If Springfield was a singular talent, “Dusty” shows why. In a world ruled by groups, with The Beatles on song, she stepped up to the mic as a female solo artist, dropping her brother to her stern mother’s dismay (Roberta Taylor, gin in hand), and bringing the sound of black, American soul to Britain’s peppy pop scene.

Solo in life too, perhaps: Dusty tells one suitor, “I’m not the marrying kind,” before obliterating her relationship with her lover Lois Wilson (Joanna Frances). Even Springfield’s chirpier numbers — “Wishing and Hoping” or “Middle of Nowhere” — throb with desolation and loneliness. Her voice pulls them down from giddiness to the gut; a low hum of hurt, soulful and deep. This is the woman who stood against apartheid, deported from South Africa for playing to a mixed crowd; who struck out on her own to make it in America, convinced she was built for bigger things; who kept her sexuality a secret behind firmly closed doors.

Together, Harvey’s script and Kingsley’s captivating performance drill into her artistry. Against the fizz of Tim Jackson’s high-octane choreography, Kingsley’s Springfield stands still, cutting poses with the utmost of presence and poise. She sings in much the same way, slowing her band right down on “Son of a Preacher Man” so her voice could sustain the song all alone. Her precision speaks volumes; cozying up to the mic momentarily, then clinging to an extended note. She’ll record in the restroom if it means the right sound, and Kingsley’s voice passes muster — which is to say, it astounds. Springfield’s a Rolls Royce voice, but it only worked when well-oiled.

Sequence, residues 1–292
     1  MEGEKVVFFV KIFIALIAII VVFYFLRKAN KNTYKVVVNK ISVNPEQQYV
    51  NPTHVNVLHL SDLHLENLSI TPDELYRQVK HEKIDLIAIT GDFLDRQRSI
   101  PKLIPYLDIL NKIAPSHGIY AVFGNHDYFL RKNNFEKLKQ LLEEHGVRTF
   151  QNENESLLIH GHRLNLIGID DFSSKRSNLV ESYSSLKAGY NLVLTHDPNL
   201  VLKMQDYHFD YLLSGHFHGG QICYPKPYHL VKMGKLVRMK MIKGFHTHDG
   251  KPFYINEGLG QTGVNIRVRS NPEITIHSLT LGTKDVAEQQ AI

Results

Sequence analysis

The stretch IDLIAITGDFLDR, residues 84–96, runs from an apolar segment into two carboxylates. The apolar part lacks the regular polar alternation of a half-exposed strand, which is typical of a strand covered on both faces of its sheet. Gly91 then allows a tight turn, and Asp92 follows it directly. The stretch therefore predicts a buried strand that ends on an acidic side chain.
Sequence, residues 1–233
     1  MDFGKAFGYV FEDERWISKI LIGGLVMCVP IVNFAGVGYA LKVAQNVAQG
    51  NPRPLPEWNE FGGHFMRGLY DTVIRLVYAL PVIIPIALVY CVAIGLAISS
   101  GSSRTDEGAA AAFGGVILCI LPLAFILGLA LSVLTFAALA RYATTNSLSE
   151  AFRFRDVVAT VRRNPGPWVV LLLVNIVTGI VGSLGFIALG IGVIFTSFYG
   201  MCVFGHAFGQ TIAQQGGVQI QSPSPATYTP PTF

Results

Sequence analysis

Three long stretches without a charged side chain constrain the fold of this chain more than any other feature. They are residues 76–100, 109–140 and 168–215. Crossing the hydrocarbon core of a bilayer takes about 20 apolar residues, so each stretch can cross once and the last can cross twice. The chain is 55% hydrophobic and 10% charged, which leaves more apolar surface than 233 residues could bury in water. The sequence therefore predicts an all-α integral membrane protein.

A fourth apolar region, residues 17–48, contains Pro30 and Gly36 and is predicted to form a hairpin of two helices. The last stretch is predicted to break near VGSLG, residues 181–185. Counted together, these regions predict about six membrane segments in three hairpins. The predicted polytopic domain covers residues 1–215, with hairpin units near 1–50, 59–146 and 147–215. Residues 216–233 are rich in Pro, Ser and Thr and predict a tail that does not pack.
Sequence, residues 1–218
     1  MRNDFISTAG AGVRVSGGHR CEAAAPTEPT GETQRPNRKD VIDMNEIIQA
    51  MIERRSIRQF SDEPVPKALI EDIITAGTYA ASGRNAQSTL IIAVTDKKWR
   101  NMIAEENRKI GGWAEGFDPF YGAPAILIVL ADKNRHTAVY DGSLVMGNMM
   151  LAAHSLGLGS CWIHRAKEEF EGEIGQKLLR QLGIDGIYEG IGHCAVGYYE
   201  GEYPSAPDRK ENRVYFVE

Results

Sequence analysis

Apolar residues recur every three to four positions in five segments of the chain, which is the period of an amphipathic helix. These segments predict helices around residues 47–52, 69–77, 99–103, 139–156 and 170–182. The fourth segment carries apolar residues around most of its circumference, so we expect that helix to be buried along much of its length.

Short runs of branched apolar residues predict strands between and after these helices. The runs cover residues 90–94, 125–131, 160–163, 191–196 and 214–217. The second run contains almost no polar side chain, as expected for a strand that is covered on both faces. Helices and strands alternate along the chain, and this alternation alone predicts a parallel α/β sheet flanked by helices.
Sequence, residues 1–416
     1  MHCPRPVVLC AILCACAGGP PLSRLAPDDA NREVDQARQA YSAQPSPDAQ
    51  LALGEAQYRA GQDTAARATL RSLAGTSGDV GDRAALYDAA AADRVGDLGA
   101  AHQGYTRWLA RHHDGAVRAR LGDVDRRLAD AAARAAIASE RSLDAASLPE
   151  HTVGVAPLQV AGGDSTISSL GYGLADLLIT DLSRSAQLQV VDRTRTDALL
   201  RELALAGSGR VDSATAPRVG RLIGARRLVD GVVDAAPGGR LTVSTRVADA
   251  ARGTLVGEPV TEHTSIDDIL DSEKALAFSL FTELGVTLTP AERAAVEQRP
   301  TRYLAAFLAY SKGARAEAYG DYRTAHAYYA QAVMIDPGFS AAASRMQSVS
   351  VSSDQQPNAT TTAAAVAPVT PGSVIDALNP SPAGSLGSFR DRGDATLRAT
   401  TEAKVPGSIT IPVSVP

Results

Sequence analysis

Springfield’s supreme talent came with perfectionism, insecurity and stage fright. Kingsley tightens her grip on the bottle as she loses her grip on life and, even better, as drink and drugs grind her down, her Dusty slows her way into a slur. In L.A., blitzed and blurry, she seems to unspool like an old tape cassette.